This occurs in around 1% of pregnancies.
When this measurement is between 10 and 15 mm, the ventriculomegaly may be described as mild to moderate.
When the measurement is greater than 15 mm, the ventriculomegaly may be classified as more severe.
Enlargement of the ventricles may occur for a number of reasons, such as loss of brain volume (perhaps due to infection or infarction), or impaired outflow or absorption of cerebrospinal fluid from the ventricles. Often, however, there is no identifiable cause.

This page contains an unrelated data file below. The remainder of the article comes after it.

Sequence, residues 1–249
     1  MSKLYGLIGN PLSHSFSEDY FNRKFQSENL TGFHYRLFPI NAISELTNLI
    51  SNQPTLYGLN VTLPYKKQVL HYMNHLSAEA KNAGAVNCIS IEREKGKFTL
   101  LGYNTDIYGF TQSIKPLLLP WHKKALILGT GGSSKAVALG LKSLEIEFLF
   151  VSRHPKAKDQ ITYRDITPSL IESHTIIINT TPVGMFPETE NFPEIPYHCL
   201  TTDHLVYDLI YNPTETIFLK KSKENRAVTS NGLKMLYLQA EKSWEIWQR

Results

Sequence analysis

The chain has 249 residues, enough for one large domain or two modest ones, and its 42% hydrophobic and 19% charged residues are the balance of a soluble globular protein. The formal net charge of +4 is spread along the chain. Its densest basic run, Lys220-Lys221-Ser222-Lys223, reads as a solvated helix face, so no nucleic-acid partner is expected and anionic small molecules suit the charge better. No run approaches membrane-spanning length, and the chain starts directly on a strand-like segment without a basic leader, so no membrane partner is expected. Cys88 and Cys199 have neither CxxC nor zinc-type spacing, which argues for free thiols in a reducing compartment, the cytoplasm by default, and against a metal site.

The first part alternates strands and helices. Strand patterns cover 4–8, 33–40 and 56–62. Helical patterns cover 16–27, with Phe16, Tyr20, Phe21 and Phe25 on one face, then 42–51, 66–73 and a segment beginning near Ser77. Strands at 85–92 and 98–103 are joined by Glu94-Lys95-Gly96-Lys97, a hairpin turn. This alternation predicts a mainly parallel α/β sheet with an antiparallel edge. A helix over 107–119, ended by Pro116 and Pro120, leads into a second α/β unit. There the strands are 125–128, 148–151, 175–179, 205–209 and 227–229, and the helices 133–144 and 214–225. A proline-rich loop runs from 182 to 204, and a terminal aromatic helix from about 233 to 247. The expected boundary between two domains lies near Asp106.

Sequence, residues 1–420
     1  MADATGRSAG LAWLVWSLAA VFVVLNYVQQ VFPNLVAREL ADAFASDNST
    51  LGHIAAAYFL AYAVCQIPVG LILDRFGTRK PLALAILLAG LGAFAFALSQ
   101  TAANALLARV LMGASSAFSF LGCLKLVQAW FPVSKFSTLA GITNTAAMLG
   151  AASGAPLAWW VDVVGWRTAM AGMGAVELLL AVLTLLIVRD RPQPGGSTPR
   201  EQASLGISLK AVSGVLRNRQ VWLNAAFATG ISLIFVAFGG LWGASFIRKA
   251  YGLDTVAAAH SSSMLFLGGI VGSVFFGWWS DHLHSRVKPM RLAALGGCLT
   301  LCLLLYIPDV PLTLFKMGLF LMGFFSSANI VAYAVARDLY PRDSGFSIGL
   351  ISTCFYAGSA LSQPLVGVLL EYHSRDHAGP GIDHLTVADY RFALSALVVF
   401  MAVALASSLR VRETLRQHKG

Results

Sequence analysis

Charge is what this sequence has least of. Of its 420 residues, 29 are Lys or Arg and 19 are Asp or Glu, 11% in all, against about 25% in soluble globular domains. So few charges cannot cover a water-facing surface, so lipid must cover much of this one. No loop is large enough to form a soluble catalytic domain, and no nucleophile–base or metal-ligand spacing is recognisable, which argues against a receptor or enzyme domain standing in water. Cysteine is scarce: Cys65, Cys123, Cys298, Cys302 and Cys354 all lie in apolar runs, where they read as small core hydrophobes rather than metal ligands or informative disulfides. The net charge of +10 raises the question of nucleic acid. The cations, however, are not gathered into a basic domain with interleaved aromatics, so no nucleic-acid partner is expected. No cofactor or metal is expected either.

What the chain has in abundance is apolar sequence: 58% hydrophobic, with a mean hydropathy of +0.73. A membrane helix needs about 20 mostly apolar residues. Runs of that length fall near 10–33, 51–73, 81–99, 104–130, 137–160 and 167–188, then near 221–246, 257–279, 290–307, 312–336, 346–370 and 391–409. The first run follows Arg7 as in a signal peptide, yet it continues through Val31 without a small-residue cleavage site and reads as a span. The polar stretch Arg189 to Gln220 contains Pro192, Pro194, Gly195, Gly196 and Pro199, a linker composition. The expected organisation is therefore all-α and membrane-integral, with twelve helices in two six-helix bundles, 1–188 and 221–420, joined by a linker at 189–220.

In many cases of mild ventriculomegaly, however, there is resolution of ventriculomegaly during the pregnancy.
To determine whether ventriculomegaly is associated with ongoing intracranial hypertension, physicians often rely on corroborative imaging features such as altered periependymal signal, distortion of ventricular shape, subarachnoid space flattening, and an increase in ventricular size over time.